Less sleep = More Colds, Study Shows


Study-shows-sleep-prevents-colds source: ucsf-sleep-infographic 2015. UC San Francisco (UCSF)* Those who averaged five to six hours of sleep a night were four times more likely to catch a cold than those who slept an average of seven hours.


John Snow may or may not be COMING back in the next Game Of Thrones but he knows  Winter is definitely Coming and that means a new round of  colds and the sniffles. 

SHORT SLEEPERS:  Are Four Times More Likely to Catch a Cold

A recent study has shown that sleep can prevent colds. 

The study involved 164 healthy men and women, average age 30.  Aric Prather, assistant professor of psychology at the University of California, San Francisco, and his colleagues gave participants devices similar to a Fitbit® and monitored their sleep for a week. Then the study volunteers had a live cold virus sprayed into their noses and were quarantined for  five days.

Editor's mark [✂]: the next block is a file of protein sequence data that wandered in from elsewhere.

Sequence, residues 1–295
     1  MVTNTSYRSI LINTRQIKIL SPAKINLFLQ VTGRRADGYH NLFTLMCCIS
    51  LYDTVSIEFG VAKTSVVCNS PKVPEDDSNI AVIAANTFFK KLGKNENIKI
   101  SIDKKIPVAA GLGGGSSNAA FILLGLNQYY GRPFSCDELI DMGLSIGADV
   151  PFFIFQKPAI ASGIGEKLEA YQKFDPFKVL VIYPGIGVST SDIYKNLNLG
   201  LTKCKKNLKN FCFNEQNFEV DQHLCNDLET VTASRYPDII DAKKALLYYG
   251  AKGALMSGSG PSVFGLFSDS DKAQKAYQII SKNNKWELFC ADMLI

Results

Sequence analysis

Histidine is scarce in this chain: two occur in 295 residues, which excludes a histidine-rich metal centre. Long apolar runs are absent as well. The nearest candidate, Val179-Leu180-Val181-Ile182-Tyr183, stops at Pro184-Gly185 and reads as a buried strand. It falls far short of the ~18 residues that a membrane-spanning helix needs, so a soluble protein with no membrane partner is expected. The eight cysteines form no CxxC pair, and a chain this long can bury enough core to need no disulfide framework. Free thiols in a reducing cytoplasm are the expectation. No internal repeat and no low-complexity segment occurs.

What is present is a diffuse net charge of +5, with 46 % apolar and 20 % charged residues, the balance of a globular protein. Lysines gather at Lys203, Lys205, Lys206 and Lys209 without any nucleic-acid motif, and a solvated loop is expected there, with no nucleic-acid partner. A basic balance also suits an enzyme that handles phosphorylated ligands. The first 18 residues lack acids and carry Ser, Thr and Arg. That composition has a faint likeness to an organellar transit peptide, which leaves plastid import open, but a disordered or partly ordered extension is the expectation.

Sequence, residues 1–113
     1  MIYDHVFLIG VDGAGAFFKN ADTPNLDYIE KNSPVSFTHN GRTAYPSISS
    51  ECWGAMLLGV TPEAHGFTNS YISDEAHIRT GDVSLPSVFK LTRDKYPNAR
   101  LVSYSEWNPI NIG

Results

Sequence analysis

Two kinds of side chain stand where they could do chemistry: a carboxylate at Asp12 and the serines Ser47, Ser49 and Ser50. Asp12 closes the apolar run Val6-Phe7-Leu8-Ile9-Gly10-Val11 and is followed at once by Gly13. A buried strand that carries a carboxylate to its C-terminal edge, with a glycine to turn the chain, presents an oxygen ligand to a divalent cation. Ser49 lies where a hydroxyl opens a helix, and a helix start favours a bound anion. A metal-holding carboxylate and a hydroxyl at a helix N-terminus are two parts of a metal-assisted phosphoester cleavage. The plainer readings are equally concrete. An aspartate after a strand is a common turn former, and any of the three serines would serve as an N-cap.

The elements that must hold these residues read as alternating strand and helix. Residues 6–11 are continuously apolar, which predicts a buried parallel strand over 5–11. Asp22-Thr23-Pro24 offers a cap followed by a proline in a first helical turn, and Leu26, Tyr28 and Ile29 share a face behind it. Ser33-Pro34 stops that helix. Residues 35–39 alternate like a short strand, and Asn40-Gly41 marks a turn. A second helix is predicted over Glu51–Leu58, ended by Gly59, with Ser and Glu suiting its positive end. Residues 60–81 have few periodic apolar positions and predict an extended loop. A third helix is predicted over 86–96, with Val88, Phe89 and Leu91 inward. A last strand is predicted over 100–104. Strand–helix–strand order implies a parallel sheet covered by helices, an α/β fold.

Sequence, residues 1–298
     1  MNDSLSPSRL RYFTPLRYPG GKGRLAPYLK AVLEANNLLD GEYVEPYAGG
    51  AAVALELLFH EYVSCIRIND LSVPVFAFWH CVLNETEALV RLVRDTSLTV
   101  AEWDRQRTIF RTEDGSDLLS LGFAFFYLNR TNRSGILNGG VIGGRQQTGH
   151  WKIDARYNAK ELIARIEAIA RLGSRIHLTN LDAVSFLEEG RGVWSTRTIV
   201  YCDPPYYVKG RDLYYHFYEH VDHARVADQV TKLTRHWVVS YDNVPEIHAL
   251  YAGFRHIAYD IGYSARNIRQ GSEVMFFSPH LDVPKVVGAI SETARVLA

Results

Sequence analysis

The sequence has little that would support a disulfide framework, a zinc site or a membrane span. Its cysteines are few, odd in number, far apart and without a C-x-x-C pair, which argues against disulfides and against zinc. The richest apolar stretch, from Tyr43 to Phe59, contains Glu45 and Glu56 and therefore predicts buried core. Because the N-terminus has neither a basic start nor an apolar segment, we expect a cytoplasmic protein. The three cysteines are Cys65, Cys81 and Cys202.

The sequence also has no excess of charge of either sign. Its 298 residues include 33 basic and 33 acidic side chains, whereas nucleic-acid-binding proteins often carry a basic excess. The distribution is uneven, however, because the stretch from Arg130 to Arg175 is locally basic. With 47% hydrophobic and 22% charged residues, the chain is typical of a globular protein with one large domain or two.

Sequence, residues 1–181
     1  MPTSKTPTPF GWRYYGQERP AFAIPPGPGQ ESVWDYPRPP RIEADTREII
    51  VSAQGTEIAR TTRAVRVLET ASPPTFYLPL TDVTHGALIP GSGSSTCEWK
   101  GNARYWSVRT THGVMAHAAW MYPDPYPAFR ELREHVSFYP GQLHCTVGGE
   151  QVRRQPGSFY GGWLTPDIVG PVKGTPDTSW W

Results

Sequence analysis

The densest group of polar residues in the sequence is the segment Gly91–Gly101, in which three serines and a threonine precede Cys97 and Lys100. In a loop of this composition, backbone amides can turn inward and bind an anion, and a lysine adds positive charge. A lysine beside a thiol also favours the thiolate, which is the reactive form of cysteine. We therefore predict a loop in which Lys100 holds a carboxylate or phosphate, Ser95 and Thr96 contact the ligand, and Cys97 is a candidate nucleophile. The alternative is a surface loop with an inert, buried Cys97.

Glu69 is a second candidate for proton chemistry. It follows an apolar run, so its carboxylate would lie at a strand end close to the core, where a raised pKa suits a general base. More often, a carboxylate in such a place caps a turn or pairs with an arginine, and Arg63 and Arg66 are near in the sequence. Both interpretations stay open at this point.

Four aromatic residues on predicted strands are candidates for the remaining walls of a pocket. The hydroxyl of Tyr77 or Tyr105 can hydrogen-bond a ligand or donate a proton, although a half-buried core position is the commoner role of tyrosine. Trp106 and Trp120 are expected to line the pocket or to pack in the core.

Here’s what researchers found:

 Those who averaged five to six hours of sleep a night were four times more likely to catch a cold than those who slept an average of seven hours. Four times.  Or, looking at it another way, about 39% of those who slept six hours or less got sick. Of those who slept more than six hours a night, only 18% got colds.

MIGHT BE TIME TO SERIOUSLY MAKE SURE YOU GET MORE SLEEP!

It’s striking,” Prather told National Public Radio. “We don’t know conclusively what happens, but there are a variety of pathways and they all work together and ultimately put people at risk.   -  Aric Prather, US San francisco.

Other factors such as stress and lack of exercise also come into play, but sleep plays a large role in helping our immune system do battle with invading viruses. 

So stay well this winter by sleeping more, exercising more and doing more yoga to reduce stress!  Oh and remember an apple a day keeps the doctor away.   :)

 

*UC SAN FRANCISCO (UCSF) IS A LEADING UNIVERSITY DEDICATED TO PROMOTING HEALTH WORLDWIDE THROUGH ADVANCED BIO-MEDICAL RESEARCH, GRADUATE-LEVEL EDUCATION IN THE LIFE SCIENCES AND HEALTH PROFESSIONS, AND EXCELLENCE IN PATIENT CARE.